Buttigieg and Biden continue to spar ahead of New Hampshire primary
The two candidates each appeared on ABC’s “This Week.”
February 9, 2020, 2:45 PM
7 min read
Two days before the New Hampshire primary, former South Bend, Indiana, Mayor Pete Buttigieg and former Vice President Joe Biden continue to spar on ABC’s “This Week.”
Biden told ABC News Chief Anchor George Stephanopoulos, “I’m saying he hasn’t been able to unify the black community — that’s what I’m saying,” while highlighting his endorsements of several South Bend black legislators.
“I’m not Barack Obama and neither is he,” Buttigieg said in response on Sunday. “Neither is anyone running for president right now — and this isn’t 2008.”
“This election is about where our county’s headed next and of course how to defeat Donald Trump,” he added.
The Biden campaign released a video on Twitter taking jabs at Buttigieg’s mayoral career. The ad highlighted the demotion and firing of South Bend’s police Chief Darryl Boykins and South Bend’s fire Chief Howard Buchanon, who are both are African American.
Buttigieg has maintained that he demoted the city’s police chief to the rank of captain, because of the chief’s failure to inform him that the department was under federal investigation amid reports that Boykins allegedly had ordered people to secretly record racist comments by senior white police officers.
Buchanon, the city’s fire chief for five years, had originally submitted retirement papers in 2010, but after Buttigieg’s election informed him that he no longer wanted to retire. By that point Buttigieg had already named a replacement for Buchanon, who eventually retired in 2012.
“Are you basically saying that Mayor Buttigieg has a race problem?” Stephanopoulos asked Biden in an earlier interview.
“No, I’m saying he hasn’t been able to unify the black community, that’s what I’m saying … the assertion that he’s ready across the board, I don’t see it,” Biden said.
In response, Buttigieg said on “This Week” that he will have to work to earn the black vote.
“I know, especially heading into the South, I’m now getting a second look from a lot of voters who frankly weren’t sure we were competitive in the first place,” he said.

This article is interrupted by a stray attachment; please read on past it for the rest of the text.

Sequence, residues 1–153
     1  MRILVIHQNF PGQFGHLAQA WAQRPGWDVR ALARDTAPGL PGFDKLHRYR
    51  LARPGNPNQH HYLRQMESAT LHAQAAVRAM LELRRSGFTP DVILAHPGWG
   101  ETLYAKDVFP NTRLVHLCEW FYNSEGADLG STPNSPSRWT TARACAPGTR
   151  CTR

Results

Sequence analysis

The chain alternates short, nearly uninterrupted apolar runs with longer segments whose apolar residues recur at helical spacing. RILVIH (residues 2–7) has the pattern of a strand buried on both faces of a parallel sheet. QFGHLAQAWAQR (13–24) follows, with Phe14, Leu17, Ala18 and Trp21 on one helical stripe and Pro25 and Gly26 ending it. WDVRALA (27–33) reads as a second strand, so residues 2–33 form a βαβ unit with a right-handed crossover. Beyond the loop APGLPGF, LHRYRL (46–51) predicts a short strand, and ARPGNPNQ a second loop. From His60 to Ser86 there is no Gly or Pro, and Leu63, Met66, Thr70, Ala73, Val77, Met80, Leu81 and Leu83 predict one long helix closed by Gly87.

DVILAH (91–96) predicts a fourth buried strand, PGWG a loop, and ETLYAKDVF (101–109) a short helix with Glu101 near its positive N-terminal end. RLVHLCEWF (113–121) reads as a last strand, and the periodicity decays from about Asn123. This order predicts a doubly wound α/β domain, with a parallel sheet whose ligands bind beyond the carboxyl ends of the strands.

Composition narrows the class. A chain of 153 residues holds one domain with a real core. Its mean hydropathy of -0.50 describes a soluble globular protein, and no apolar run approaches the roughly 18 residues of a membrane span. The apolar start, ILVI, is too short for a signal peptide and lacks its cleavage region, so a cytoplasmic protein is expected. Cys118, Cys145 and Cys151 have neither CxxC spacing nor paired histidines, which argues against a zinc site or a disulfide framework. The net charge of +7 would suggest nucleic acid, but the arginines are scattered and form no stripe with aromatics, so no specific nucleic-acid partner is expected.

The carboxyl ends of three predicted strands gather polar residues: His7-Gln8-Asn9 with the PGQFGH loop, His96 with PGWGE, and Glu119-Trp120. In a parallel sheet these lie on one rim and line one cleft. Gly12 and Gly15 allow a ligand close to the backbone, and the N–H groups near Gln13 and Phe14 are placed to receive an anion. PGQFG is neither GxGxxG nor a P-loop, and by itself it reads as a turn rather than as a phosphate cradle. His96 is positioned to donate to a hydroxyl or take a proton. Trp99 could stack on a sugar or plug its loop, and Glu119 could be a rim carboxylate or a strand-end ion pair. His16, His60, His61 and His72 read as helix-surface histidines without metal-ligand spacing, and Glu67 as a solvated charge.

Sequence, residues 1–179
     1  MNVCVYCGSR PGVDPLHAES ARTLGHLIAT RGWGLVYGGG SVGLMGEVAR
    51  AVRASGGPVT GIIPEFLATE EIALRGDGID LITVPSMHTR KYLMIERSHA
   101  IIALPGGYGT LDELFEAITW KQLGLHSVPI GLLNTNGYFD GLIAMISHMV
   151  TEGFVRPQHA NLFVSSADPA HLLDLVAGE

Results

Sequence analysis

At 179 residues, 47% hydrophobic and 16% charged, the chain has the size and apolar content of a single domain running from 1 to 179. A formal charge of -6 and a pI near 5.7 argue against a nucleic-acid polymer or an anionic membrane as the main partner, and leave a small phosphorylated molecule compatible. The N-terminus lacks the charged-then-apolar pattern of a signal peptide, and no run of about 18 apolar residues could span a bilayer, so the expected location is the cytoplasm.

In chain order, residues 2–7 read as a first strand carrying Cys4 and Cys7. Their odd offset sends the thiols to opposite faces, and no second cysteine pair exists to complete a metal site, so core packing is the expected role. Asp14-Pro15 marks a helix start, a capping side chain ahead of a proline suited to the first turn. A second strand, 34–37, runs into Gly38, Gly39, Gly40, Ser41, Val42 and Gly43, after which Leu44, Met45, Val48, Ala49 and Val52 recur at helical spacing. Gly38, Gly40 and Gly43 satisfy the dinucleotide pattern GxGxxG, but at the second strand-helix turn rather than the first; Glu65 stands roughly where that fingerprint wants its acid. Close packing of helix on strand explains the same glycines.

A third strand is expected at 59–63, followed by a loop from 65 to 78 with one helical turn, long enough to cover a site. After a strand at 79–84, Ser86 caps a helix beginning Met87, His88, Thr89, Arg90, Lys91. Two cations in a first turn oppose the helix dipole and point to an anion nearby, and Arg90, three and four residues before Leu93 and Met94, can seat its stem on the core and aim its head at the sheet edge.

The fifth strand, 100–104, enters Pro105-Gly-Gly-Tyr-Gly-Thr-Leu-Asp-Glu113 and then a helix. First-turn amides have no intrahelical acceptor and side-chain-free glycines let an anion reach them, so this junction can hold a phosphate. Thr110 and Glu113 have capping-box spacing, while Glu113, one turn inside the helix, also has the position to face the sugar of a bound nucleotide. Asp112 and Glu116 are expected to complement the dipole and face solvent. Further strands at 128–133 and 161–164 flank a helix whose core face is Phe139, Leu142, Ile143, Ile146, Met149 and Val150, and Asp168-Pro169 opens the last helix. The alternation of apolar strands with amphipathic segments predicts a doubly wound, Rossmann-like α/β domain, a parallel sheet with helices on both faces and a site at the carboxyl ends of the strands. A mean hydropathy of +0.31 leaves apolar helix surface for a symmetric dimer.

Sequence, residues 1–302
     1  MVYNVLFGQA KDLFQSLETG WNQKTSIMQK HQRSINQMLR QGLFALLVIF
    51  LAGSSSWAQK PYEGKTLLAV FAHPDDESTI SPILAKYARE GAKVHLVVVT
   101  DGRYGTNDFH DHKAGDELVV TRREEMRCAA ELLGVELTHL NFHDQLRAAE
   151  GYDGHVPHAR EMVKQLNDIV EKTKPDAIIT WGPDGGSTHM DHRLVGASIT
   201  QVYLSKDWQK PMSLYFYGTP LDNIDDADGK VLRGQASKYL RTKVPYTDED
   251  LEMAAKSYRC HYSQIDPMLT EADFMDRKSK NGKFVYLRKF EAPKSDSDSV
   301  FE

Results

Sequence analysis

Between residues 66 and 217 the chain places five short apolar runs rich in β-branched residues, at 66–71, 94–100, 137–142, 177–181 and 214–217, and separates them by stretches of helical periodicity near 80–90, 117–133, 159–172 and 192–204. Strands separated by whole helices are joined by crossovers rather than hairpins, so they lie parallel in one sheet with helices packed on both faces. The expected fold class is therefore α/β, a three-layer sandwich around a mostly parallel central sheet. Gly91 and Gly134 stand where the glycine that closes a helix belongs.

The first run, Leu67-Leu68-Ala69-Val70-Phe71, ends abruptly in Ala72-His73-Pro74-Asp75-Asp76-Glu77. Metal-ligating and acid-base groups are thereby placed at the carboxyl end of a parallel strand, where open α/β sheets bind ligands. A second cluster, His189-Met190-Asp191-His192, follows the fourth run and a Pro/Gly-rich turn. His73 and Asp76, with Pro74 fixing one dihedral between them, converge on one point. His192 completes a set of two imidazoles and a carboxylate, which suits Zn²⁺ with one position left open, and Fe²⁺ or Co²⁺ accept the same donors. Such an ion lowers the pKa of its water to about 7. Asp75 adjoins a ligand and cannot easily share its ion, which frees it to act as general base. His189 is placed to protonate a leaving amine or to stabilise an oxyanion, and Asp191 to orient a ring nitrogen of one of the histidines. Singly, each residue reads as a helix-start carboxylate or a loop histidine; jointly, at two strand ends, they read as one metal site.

“At this moment, the American people are crying out for something completely different from this classic Washington style of politics. While Washington politics trivializes what goes on in communities like South Bend,” Buttigieg’s national press secretary, Chris Meagher, said in a statement. “South Bend residents who now have better jobs, rising income, and new life in their city don’t think their lives are a Washington politician’s punchline. Pete’s on the ground experience as mayor, turning around a Midwestern industrial city, is exactly why he is running for president. The Vice President’s decision to run this ad speaks more to where he currently stands in this race than it does about Pete’s perspective as a mayor and veteran.”
On Saturday, at the McIntyre-Shaheen 100 Club Dinner, Buttigieg took a jab at critics as well as his opponents while making a direct appeal to voters in the Granite State.
“Now, I know some are asking what business does a South Bend mayor have seeking the highest office in the land? You don’t have an office in Washington. You don’t have decades of experience in the establishment. The city or the mayor of it isn’t even the biggest city in the country. It’s more like Manchester, New Hampshire. To which I say that is very much the point. Because Americans in small rural towns in industrial communities — and yes in pockets of our country’s biggest cities — are tired of being reduced to a punchline by Washington politicians and ready for somebody to take their voice to the American capital.”
The 38-year-old, despite being the youngest candidate in the race said age isn’t a factor.
He told voters on Saturday, “My belief in this America is not the product of my age, it’s the product of my experience.”
ABC News’ John Verhovek and Molly Nagle contributed to this report.
This is a developing news story. Please check back for updates.